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Survivors of midair plane crash ‘horrified’

Brandi Hepburn doesn’t remember a lot because it all happened so quickly. One moment she was sitting in the back seat of a glider with her 11-year-old son, being towed up for a pleasant flight over Boulder, Colo. An instant later, the tow plane was rammed by another small plane, and Hepburn and her son were flying through a searing fireball.

Three people were killed, and the death toll could have been more if not for one pilot’s quick thinking.

“I felt the heat on my forehead as we flew through the flames,” Hepburn told TODAY’s Meredith Vieira Tuesday in New York. “I was horrified.”

The deadly drama was still fresh in her mind. Just three days earlier, on Saturday, Hepburn had taken her son, Javen McDonald, and her daughter to Boulder Municipal Airport. A friend was celebrating his 40th birthday by taking a group of people gliding.

In all, three gliders were involved: one for the birthday boy, one for Hepburn’s daughter and her friend, and one for the mother and son. Hepburn’s own mother came along and watched from the ground.

Two of the gliders were already into their flights as Hepburn’s plane, piloted by Reuben Bakker, was towed to 10,000 feet, where it would be released for the 45-minute glide back to the ground. Piloting the tow plane was 25-year-old Alexander Gilmer of Mile High Gliding.

Flight seemed perfect
It was an overcast day, but visibility was excellent as they slowly climbed past 8,000 feet.

Bakker, who joined Hepburn and Javen on TODAY, saw another glider pass them on its descent and pointed it out to Hepburn, telling the woman her daughter was inside. Hepburn turned to film her daughter.

Everything seemed perfect.

“We were kind of just seeing things as we were going along. We were doing like 70 miles per hour, 200 feet behind the tow plane,” Bakker told Vieira. “Suddenly, I saw a plane to the right. It looked like it was going to hit us.”

The second plane, a single-engined Cirrus, was piloted by Bob Matthews, 58, who was taking his brother, Mark, 56, for a ride.

Investigators don’t know how the accident happened. Neither plane was violating any flight rules. All Bakker knows is that somebody wasn’t paying enough attention to other traffic.

Thinking that the Cirrus was going to hit his plane or the tow cable, Bakker reached for the tow-release lever.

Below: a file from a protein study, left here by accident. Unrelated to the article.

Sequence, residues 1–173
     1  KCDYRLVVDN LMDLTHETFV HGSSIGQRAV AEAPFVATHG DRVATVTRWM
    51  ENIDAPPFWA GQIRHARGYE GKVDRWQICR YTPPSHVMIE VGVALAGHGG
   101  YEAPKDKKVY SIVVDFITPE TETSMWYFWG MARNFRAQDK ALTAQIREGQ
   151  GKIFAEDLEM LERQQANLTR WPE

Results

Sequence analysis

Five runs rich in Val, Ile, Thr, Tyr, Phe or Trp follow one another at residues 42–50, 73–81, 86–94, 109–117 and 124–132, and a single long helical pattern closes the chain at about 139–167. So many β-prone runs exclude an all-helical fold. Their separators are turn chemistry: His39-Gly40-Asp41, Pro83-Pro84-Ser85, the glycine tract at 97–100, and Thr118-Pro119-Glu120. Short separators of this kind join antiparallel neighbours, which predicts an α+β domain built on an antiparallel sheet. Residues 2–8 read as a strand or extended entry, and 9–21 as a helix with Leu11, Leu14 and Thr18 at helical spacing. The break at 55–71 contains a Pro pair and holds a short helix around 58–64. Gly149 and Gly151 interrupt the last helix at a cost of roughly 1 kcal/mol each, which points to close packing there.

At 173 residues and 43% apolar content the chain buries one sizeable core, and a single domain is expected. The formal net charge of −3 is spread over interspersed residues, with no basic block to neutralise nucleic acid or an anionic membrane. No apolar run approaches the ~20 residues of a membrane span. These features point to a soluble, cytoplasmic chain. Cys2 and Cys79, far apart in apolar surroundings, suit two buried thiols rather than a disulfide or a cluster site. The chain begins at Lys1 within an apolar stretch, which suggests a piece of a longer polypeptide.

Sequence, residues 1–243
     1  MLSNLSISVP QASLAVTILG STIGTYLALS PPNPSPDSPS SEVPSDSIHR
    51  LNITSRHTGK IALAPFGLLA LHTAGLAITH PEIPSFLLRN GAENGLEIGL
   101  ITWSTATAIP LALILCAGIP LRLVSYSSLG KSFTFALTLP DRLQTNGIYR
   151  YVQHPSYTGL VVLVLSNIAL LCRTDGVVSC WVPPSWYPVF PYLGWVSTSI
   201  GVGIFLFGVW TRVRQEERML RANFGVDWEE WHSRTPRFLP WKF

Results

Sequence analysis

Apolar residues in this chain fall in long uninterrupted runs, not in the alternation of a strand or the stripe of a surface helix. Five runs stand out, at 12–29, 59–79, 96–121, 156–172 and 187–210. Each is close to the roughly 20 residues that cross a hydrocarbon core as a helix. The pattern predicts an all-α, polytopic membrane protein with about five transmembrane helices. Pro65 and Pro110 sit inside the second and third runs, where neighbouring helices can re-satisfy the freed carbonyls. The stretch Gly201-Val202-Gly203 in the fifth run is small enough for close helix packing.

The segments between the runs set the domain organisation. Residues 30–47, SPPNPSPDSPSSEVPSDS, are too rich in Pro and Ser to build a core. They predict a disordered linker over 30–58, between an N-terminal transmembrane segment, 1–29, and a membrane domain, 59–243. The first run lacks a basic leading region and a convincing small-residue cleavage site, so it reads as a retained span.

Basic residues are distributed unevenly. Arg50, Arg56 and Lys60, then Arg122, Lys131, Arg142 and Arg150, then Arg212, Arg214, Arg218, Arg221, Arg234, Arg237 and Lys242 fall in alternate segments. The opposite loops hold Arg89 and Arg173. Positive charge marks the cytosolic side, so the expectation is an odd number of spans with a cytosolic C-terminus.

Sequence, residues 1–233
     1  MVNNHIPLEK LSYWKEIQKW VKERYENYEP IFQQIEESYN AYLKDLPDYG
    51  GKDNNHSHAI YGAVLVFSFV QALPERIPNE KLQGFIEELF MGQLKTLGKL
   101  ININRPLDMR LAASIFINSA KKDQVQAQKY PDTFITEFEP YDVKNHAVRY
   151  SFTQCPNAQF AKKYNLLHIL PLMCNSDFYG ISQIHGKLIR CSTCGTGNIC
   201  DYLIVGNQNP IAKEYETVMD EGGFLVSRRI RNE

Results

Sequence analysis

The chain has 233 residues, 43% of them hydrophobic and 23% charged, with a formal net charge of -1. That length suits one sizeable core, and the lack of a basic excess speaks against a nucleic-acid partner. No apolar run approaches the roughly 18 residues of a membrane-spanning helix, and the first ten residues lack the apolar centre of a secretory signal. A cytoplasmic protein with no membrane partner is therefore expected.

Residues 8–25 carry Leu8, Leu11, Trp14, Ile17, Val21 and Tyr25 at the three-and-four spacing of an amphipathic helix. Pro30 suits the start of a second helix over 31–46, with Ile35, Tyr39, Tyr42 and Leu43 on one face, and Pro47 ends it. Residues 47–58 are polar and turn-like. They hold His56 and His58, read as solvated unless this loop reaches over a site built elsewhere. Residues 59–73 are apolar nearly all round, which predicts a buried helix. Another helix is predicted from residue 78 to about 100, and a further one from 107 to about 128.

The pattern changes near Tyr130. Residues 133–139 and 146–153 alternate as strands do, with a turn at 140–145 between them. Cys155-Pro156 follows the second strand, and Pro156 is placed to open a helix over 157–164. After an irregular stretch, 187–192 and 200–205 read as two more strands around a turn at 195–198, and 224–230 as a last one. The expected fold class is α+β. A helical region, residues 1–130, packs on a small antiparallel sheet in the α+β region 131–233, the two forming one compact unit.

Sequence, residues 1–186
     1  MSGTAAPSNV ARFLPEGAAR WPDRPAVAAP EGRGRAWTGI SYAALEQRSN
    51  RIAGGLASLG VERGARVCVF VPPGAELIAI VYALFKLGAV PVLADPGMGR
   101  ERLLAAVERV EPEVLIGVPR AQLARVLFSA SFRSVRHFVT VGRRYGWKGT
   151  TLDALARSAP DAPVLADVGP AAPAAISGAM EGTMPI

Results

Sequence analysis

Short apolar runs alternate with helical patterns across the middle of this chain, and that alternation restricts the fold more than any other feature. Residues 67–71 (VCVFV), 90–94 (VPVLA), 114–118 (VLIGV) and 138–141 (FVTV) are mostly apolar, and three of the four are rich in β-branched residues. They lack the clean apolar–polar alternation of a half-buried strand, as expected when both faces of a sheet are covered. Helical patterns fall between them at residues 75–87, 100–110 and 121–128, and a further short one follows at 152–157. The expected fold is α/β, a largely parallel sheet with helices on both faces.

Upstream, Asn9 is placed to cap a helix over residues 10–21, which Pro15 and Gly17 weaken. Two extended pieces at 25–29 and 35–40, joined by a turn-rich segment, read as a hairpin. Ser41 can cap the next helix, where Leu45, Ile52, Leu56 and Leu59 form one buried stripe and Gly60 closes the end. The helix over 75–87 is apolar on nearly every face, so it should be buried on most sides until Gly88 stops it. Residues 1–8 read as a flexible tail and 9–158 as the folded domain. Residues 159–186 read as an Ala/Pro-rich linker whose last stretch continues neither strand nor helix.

‘You can't think’
“By the time my hand was on it, it collided straight into the right side of my tow plane,” Bakker said. “This happened really fast. The wings folded up on the tow plane. It was instant. There was a huge fireball.”

Shano Kelley / AP
A burning aircraft falls to the ground Saturday, Feb. 5, 2010, after a midair collision with another private plane in Boulder, Colo. Two small planes collided in flames over Boulder's outskirts and killed all three people aboard, while a glider under tow by one aircraft cut loose and flew through the fireball to safety, officials and witnesses said. (AP Photo/Shano Kelley)

Bakker, an experienced pilot and flight instructor, said he responded instinctively, not even knowing if the cable had yet released.

“You can’t think. You just have to know,” he told Vieira. “I pitched back, banked to the right, and we just flew straight through fire,” Bakker told Vieira. “I didn’t see wreckage anymore because it was gone. Everything was red.”

That’s when Hepburn felt the heat on her forehead and saw the wreckage of the two planes fall to the ground in a trail of black smoke. The tow plane plummeted. The Cirrus drifted gently down, its flaming fuselage held up by a parachute that deploys in case the plane is crippled.

Gilmer and the two Matthews brothers were killed.

“Watching it fall to the ground knowing that I don’t think that anybody made it, I was horrified,” Hepburn said.

After getting through the fireball, Bakker got on his radio and made a Mayday call to the airfield.

“I told them the tow plane had just been taken out by the Cirrus. Everybody was so much in shock that I had to say it a couple times,” Bakker said.

Hepburn’s son Javen told Vieira he had no idea what had happened, but he thought at first it was some sort of training exercise.

“I thought it was some kind of test run like if training pilots knew what they would do if they got in a crash,” he said. Soon enough, he learned the awful truth.

On the ground, Hepburn’s mother was also filled with terror. She knew that three gliders had gone up, but she could see only two of them coming down. It was only when she was hugging Hepburn that she knew her family was safe.

Hepburn is certain that it was only because of Bakker’s quick and instinctive actions that she and Javen could be in New York to talk about their close call with death.

“If it would have been another pilot, I don’t know that we’d be here,” she said.

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